c) Avoid storing documents on the same drive where Operating System is installed
On Windows, most document editing applications save the document file in the ‘My Document’ folder, which is very well known. As a result, malwares and virus often target the files there, making the files vulnerable.

Whether it is a virus or software failure, the majority of computer problems affect the Operating System. Quite often the solution is to reinstall Windows, and at times after reformatting that drive. In such an instance, you must make sure to copy / backup all of your own files (not the system or application files) from the drive, including the ‘My Documents’ folder; otherwise everything on the drive will be lost. You can create a separate drive on the same physical hard disk, and store all your own files and folders on the second drive. If the OS drive needs to be reset, your data drive will still be unaffected.

It is also possible for the hard disk itself to go bad (disk crash), in which case all drives on that disk will be lost. You can replace the hard disk and reinstall Windows and the applications to get it back to working condition, but in this case your files and folders on the data drive has also been lost. To handle such cases, you can use an external hard disk to store your data files. Or you can just use regular backup from your data drive to an external disk.

d) Backup regularly
You can alert yourself to take a set of security measures to protect data loss, but if your data is not backed up, it’s very likely that you WILL LOSE IT. So, ensure that your data is backed up regularly, and test the backup to ensure that your data can be recovered when you need it.

How often should you back up? That depends on how much data you can allow to lose if your system crashes completely. A week’s work? A day’s work? An hour’s work? Depending on that you have to schedule your backups.
There are numerous backup programs with varieties of features. You can easily try out
  • SARANGSoft filexpertez (file-expert-ease) for backing up a Windows PC. It’s a comprehensive file and folder management tool for home, office, school / college, everywhere.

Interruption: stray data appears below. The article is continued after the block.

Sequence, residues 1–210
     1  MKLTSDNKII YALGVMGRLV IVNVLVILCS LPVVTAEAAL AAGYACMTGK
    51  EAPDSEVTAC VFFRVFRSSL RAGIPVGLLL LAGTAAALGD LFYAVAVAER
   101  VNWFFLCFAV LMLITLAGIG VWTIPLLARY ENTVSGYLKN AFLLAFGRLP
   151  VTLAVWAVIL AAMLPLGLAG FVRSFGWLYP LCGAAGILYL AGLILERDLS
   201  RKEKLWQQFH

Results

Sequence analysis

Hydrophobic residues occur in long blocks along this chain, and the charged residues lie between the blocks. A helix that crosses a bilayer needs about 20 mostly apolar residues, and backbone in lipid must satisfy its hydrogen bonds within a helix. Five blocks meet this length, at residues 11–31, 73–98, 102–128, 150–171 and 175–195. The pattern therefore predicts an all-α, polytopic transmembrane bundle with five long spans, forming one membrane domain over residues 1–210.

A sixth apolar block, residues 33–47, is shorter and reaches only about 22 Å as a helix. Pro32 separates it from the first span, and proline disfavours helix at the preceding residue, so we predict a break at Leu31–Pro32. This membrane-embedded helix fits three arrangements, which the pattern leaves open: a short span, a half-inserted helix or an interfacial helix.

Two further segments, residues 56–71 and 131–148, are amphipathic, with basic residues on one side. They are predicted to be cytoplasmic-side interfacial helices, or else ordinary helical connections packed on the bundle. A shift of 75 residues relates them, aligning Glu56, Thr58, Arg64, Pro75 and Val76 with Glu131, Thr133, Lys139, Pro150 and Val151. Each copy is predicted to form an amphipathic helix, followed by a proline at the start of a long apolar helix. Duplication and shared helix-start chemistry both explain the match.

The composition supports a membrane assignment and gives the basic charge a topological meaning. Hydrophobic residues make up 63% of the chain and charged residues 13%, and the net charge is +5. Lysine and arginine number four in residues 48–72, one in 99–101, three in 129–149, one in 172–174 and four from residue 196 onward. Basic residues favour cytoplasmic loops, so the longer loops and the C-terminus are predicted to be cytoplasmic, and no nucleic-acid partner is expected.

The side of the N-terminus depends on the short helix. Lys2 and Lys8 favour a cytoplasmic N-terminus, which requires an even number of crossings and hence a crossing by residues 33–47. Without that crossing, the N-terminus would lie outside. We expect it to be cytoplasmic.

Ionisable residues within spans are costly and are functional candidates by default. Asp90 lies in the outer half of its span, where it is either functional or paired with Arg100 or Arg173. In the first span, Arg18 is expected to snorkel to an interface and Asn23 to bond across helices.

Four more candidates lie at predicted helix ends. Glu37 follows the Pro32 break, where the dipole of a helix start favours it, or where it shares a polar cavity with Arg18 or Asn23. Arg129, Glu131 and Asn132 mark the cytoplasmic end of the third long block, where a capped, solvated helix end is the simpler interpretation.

• SARANGSoft WinBackup Business for backing up all PCs and servers in a Windows network (domain or workgroup) through a centrally managed arrangement.

Both the products are feature-rich and flexible, yet easy to understand and use. These do not cost much, and there is a no-obligation 30-day free trial available.

e) Automate your backup procedures
All of us are busy. There are too many things to do every day, and too little time! Even though you might be very sincere about regular data backup, it’s quite possible that you forget to run backup at times, and that leads to an inconsistent data backup arrangement. Ideally, backup should be arranged to run in a consistent manner without any manual intervention. Depending on the importance of your data, you may schedule the backup operation to run it automatically. The only thing you should bother about is to check that the backup are really happening. It helps if the backup program can send you a notification when it backup is done, either successfully or ending in failure (in which case you can look into the issue and fix it).

f) Encrypt your data while backing up
Using encryption during backup of your data is another layer of protection for the data.
Encryption changes the backed up data in a way to making it unreadable by anyone, except who has the password “key”, which allows him/her to decrypt the data back to its original usable form.
There are various types of encryption mechanism available, and some programs use it.

g) Create a local backup arrangement
All the important files should be backed up locally first. Make sure that the backed up files are available at your office / home. That ensures for easy access and recovery, as well as control of the data.

h) Create an off-site backup arrangement
It’s a great idea to arrange for a different location than your office / home to keep a copy of the backed up files. It provides “redundancy” as well as prepares for “disasters”.
If the local backup is damaged or lost for any reason, the off-site backup copy will save your day.

i) Use of “cloud” as remote storage for backed up data
Nowadays, it’s increasingly common to use cloud as the remote data storage. There are many benefits to using cloud storage, most notable being the virtual indestructibility of cloud storage and its accessibility. Files stored in the cloud are assured beyond any other level for reliability and those can be accessed at any time from any place with Internet access and your own user credentials. As far as the disaster recovery is concerned, data from cloud can be restored without any hassle. Also, the cost of cloud data storage and restoration is significantly lower than traditional data storage and restoration.
SARANGSoft CloudScape is a unique cloud storage browser for the Windows platform to seamlessly integrate cloud storage (AWS-S3 and Azure) with local storage (PC’s hard drive). Its Windows Explorer-like user interface enables easy transfer (including drag & drop) of files and folders to and from cloud, thereby making cloud storage an extension of your local PC storage. It maintains full folder hierarchy between a PC and cloud storage, which is not very common for such tools.

Ending Note
Making plans and implementing those takes time, effort, resources, and costs money. That’s why many of us defer doing it. However, the cost of not backing up data can be so severe, the upfront effort for the backup process is worth everything you put into it.